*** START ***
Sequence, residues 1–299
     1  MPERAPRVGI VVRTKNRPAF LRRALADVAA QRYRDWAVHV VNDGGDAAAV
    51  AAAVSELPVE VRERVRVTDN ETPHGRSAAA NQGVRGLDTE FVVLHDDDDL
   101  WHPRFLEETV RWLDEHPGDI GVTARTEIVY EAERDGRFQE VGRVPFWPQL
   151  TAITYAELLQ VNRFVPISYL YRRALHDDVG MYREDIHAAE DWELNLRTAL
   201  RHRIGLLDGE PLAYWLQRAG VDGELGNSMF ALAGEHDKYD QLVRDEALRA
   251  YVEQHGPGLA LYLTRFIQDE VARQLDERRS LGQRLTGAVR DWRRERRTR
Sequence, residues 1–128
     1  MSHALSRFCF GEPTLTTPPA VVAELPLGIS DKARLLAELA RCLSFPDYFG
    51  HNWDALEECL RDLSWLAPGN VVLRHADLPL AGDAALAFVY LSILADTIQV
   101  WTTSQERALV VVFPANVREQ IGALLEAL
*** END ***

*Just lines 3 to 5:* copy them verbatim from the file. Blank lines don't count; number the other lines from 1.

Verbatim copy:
    51  AAAVSELPVE VRERVRVTDN ETPHGRSAAA NQGVRGLDTE FVVLHDDDDL
   101  WHPRFLEETV RWLDEHPGDI GVTARTEIVY EAERDGRFQE VGRVPFWPQL
   151  TAITYAELLQ VNRFVPISYL YRRALHDDVG MYREDIHAAE DWELNLRTAL